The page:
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Tarbes - a city with proud traditions

Tarbes is situated in south-west France, and is the principal town of the department of the Hautes-Pyrénées. Although much of the city suffered badly over a succession of wars, and hence is not renowned for its ancient monuments and architecture, it is nevertheless a city which upholds some proud traditions, and makes a very interesting base from which to enjoy the splendours that this region has to offer.

Tarbes's magnificent location

In fact you cannot fail to be struck by its location with the majestic Pyrénées as a dramatic backdrop. Lying as it does on the edge of the National Park of the Pyrénées, Tarbes is situated in a landscape of rich diversity. The dramatic peaks of the mountains provide some wonderful sporting opportunities on the doorstep, whilst Tarbes is also close to both Spain and to the Atlantic coast of France.

Well equipped and attractive town

The town itself is attractive and usually sunny, with wide streets and fountains (notably the Fontaine Duvignau, decorated with sculptures of animals and birds), and an imposing equestrian statue. There is also a lovely cathedral, the Cathedral of Notre Dame de la Sède, which has a massive dome. Tarbes is well equipped with amenities, and also has a great choice of shops, bars and restaurants to enjoy.

A town of horses and rugby

It may seem a strange mix, but Tarbes is famous world wide for both horses, having its own breed the Tarbais, and also for its highly respected rugby union team. However, you do not need to be interested in either to enjoy Tarbes, for the town itself is interesting historically and is ideally located to be a base for exploring this wonderful part of France.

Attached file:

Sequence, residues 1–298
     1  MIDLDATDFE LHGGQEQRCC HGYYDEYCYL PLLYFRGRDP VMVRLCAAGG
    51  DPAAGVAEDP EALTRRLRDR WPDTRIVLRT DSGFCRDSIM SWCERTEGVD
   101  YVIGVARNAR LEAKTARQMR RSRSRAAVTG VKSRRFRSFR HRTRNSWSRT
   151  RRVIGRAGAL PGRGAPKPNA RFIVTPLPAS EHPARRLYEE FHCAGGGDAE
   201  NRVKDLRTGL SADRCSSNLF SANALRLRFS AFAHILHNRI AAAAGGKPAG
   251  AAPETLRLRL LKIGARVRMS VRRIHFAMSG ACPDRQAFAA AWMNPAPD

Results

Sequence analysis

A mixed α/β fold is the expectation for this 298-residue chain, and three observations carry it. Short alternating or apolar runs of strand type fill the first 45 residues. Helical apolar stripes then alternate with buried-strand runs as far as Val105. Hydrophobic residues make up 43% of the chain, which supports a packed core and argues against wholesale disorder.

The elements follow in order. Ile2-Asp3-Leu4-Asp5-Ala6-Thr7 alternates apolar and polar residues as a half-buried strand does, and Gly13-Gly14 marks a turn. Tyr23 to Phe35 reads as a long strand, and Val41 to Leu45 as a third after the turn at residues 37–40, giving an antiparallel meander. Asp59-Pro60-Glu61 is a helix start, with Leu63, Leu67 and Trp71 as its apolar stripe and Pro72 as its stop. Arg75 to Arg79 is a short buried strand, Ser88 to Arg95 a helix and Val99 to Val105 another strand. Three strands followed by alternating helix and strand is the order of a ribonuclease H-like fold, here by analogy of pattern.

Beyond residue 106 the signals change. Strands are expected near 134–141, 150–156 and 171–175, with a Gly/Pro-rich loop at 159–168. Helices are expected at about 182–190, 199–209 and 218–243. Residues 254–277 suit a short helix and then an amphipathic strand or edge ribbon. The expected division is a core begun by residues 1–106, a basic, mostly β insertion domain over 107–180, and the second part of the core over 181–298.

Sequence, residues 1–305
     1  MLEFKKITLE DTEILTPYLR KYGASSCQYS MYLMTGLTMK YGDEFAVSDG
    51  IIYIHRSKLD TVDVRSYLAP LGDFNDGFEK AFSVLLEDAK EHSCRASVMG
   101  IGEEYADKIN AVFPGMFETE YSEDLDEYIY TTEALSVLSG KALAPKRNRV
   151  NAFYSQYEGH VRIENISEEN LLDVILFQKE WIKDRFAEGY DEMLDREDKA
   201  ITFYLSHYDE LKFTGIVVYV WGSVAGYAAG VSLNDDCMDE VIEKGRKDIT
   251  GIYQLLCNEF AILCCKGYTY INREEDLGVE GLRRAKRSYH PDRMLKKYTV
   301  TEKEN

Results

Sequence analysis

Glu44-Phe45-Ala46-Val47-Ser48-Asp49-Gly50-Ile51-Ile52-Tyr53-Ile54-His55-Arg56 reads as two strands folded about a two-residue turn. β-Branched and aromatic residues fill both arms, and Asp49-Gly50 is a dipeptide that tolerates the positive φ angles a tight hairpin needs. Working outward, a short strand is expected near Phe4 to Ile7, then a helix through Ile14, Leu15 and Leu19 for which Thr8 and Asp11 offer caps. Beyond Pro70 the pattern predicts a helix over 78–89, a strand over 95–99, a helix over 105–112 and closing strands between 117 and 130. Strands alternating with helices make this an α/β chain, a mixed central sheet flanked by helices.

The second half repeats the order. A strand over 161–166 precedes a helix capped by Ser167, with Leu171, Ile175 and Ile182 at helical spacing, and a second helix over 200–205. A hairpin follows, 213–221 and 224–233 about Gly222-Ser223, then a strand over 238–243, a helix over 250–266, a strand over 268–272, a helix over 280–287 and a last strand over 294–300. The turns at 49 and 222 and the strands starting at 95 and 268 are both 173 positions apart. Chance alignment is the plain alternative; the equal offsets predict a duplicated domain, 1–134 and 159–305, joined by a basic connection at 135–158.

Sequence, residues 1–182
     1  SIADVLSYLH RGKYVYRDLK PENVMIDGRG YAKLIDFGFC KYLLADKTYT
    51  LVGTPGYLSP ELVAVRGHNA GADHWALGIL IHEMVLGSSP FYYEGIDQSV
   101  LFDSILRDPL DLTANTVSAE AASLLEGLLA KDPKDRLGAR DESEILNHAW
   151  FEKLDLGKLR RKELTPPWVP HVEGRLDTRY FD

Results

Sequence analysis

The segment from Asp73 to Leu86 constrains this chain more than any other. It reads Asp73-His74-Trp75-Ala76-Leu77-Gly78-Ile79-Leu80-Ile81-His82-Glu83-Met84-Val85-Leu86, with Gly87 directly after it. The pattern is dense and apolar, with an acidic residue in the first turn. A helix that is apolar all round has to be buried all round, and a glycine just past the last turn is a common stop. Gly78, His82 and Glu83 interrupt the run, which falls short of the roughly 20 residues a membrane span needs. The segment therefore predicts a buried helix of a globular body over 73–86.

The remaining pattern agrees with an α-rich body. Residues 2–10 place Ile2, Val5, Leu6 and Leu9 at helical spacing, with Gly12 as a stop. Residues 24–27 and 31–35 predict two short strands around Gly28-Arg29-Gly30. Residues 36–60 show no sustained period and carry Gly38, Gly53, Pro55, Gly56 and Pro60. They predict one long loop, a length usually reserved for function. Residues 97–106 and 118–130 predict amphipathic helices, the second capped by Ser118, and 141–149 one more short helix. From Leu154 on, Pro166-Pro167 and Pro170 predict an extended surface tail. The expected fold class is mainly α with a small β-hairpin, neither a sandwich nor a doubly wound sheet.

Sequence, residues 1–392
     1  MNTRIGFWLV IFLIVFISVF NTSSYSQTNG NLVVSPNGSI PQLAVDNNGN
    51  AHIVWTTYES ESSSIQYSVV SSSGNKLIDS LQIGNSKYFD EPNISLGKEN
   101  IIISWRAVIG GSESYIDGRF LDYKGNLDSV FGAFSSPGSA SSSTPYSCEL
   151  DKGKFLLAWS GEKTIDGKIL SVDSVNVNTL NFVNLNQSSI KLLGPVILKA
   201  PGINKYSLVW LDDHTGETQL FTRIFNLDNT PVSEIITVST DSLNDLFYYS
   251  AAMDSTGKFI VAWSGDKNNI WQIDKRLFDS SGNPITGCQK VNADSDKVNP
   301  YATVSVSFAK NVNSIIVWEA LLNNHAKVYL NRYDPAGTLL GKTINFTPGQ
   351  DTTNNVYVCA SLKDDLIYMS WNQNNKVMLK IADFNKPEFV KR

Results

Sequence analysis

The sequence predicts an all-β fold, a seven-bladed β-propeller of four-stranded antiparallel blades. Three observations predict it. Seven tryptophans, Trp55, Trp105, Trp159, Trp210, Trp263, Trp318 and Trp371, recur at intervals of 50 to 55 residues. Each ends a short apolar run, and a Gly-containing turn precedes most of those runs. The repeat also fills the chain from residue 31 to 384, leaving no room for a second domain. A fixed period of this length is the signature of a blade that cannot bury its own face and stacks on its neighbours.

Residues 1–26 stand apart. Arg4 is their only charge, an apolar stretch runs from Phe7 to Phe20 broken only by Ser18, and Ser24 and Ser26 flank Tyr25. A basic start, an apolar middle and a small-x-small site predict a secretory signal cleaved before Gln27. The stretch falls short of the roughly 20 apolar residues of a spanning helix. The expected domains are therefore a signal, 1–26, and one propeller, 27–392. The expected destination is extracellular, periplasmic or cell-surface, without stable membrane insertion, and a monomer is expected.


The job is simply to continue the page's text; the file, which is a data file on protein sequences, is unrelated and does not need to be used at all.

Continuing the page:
Historical Tarbes

Tarbes was a centre of power in Roman times, a bishopric in the Middle Ages, and during the wars of religion it suffered the double tragedy of a massacre and a terrible fire. More modern times have seen the town benefit from the creation of a National Stud (horses) in 1808, and in 1814 Tarbes became a garrison town.

Memories of the Marechal

Everywhere you go in Tarbes you will find memorials to one Marechal Foch, hero of the first world war and Tarbes' most famous son. In the appropriately named Rue de la Victoire you will find a chance to look around his house, preserved as a national monument.

A town for horse lovers

A visit to the National Stud is strongly advised if you enjoy seeing beautiful horses. Horse lovers will find Tarbes very much to their taste. The proud tradition of equestrianism in the city was begun by Napoleon, who founded a riding academy here to train soldiers to be horsemen and therefore more efficient in battle. Today, thank goodness, this is no longer the reason for the excellent equestrian facilities in Tarbes, but the passion for horses continues and the town is the venue for some top competitions. If you are in Tarbes in the summer you will see the horses and carriages which take sightseers around the city... take a ride... it is definitely the best way to view Tarbes!

Tarbes's Jardin de Massey